During the 1930s the Central Division Office moved several times and occupied offices in the following locations; Yonge St., the Bond St. Synagogue, Scheuer House, the Zionist Building, and its long-term home at 150-152 Beverley Street where it remained until its July, 1983 move to the Lipa Green Building in North York. Its activities expanded to include taking responsibility for Jewish educational standards but, by 1941, its main efforts shifted to support for Canada’s war effort. Immediately after the end of the war, the focus again shifted to Jewish immigration projects and the maintenance of Jewish identity in small communities. By 1950, the CJC’s use of the title “division” was changed to “region” to accommodate internal operational “divisions” within each region. Also, by then, the Central Region was busy expanding its programs for all Ontario Jewish communities, creating a province-wide council of youth groups, and working with the newly-created Bureau of Jewish Education (later Board of Jewish Education, now Mercaz). Standardization of kashruth rules in Ontario was implemented. As well, regular educational conferences and cultural events were held throughout the province, while province-wide fund-raising efforts in support of Moess Chittin for relief projects in Israel and for local Congress activities were expanded. Many of its educational and cultural responsibilities necessitated working with other Jewish organizations such as the United Jewish Welfare Fund, Jewish Immigrant Aid Society (JIAS), Hadassah, the Canadian Legion, B’nai Brith, the World Jewish Congress, the American Jewish Congress, and the many Landsmenshaften (Jewish mutual benefit societies, each formed by immigrants originating from the same Eastern European community).
During the 1960s, the Central Region began sending Moess Chittin relief shipments to Cuban Jews unable to acquire kosher foods for Passover. Its lobbying efforts included participation in the Royal Commissions on Hate Propaganda, and its greatest success came with the introduction and implementation of Ontario’s Fair Employment and Fair Accommodation Practices legislation, an achievement in which Congress played a pivotal role.
From 1971 to 1989 the major focus became international and Canada-wide lobbying for, and providing support to, Soviet Jewry. Virtually all local and Canadian efforts to assist the Soviet Jewish “refusniks” were organized and coordinated in Toronto by the CJC Ontario Region office, which provided staff and funding for the many lobbying activities and public demonstrations which characterized this successful effort.
As of November 1975, the CJC Central Region’s responsibilities in Toronto were radically altered. To improve cost efficiency in Toronto, CJC educational and social service program activities were merged with similar programs already provided by Toronto’s United Jewish Appeal. The UJA assumed sole responsibility for these amalgamated programs in Toronto and was renamed Toronto Jewish Congress. The CJC Central Region still retained province-wide responsibilities for Ontario’s smaller Jewish communities, and its office remained in Toronto. Also, following this reorganization, its name was changed to Canadian Jewish Congress, Ontario Region. Although CJC no longer provided direct social and educational programs to Toronto, the TJC’s senior executive was, at the time, still obliged to continue to keep it notified about developments concerning previous Congress responsibilities.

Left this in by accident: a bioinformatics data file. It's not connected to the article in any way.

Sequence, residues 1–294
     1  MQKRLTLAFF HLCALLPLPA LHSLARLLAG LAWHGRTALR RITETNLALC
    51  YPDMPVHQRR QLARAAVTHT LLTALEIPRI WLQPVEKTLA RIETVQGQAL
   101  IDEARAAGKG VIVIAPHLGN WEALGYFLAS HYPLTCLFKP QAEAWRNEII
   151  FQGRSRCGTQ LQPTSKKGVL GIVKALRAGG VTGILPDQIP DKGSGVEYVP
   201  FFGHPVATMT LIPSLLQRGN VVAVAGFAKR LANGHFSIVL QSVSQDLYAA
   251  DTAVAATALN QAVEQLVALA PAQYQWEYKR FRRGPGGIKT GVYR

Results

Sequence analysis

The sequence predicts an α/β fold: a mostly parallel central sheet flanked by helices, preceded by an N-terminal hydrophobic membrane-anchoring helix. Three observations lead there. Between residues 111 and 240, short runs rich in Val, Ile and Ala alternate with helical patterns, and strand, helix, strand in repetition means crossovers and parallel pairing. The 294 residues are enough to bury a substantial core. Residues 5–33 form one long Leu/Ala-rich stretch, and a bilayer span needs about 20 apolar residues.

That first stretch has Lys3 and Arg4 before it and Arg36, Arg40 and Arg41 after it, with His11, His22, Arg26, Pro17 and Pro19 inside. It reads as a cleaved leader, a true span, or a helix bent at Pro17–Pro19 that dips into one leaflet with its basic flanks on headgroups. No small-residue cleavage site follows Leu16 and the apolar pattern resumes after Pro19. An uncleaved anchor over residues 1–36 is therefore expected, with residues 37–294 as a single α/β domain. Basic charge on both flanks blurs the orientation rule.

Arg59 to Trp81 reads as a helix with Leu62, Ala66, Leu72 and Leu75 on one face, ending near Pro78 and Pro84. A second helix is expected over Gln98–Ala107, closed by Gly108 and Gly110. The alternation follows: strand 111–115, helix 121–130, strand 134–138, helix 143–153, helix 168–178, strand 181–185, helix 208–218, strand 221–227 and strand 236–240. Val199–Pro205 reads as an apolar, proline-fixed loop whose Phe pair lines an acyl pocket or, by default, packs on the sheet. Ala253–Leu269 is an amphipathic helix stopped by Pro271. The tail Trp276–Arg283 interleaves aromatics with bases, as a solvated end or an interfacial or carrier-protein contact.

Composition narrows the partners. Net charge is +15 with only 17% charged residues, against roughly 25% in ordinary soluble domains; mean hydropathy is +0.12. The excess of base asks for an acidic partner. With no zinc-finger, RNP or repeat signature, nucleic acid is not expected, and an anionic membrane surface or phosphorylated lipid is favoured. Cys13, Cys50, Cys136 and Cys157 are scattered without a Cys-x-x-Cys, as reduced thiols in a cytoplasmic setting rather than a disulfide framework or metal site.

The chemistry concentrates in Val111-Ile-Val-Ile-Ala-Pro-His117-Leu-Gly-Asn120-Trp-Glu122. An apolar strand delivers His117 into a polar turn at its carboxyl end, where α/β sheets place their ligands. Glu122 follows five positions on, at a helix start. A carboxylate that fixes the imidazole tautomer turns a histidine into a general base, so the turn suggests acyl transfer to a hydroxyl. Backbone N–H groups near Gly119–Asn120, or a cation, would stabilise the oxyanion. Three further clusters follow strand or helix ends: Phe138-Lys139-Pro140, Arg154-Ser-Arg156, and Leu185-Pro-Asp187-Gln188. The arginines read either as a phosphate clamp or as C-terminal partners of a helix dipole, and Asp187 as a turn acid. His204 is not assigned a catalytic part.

Since 1983 the Ontario Region’s offices have been, like those of the UJA Federation, located in the Lipa Green Building, 4600 Bathurst St., North York. It continued its work of financially supporting various Israeli institutions and, as well, fostering Canada-Israel relations. It also spearheaded the movement to support and protect Jews in Arab lands, especially in Syria. Funding for the Canadian Jewish Congress now comes from the Canadian Council for Israel and Jewish Advocacy, which redistributes a portion of the funds raised by local Jewish Federations across Canada. The CJC National Office then funds the regional offices. As of 2009, the Ontario Region’s central mandate is to represent the Jewish community to Ontario residents and government on issues of social justice and public policy. Its structure remains the same: an Officers’ group supported by various volunteer committees and a small professional staff together deliberating on regional issues and implementing national policies at the regional level.